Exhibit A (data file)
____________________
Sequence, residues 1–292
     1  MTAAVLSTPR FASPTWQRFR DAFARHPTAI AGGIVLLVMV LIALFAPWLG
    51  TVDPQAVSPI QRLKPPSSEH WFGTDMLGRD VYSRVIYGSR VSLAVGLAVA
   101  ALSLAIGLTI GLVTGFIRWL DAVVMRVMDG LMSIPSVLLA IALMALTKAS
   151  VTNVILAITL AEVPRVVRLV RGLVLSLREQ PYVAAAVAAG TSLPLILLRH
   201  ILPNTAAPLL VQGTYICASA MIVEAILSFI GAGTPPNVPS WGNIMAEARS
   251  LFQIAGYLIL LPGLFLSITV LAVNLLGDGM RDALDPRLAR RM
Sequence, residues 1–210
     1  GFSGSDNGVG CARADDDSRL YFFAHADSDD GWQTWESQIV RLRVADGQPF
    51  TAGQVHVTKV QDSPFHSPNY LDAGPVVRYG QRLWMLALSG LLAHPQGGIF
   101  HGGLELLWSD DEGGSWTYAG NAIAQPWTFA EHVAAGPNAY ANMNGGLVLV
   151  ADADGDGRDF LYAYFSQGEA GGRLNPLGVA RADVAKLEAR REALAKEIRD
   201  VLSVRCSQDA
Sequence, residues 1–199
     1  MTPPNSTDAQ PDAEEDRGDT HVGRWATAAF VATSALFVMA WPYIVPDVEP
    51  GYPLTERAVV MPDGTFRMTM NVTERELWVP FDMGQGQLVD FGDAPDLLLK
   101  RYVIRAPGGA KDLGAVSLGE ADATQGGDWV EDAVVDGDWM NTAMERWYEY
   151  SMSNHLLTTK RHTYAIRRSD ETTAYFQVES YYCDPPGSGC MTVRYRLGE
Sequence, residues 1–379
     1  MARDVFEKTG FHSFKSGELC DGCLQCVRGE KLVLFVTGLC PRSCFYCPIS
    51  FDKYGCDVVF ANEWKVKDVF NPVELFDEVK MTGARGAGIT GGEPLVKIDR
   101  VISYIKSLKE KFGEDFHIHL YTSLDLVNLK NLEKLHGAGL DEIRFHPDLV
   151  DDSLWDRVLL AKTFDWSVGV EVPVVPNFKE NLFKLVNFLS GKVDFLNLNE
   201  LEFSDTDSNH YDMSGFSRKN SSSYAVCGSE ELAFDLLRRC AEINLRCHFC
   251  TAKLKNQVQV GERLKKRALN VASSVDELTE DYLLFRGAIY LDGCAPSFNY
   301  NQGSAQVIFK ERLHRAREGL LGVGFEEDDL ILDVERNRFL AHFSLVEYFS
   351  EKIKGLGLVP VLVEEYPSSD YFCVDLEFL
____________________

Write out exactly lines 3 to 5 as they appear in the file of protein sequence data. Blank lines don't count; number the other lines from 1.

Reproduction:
    51  TVDPQAVSPI QRLKPPSSEH WFGTDMLGRD VYSRVIYGSR VSLAVGLAVA
   101  ALSLAIGLTI GLVTGFIRWL DAVVMRVMDG LMSIPSVLLA IALMALTKAS
   151  VTNVILAITL AEVPRVVRLV RGLVLSLREQ PYVAAAVAAG TSLPLILLRH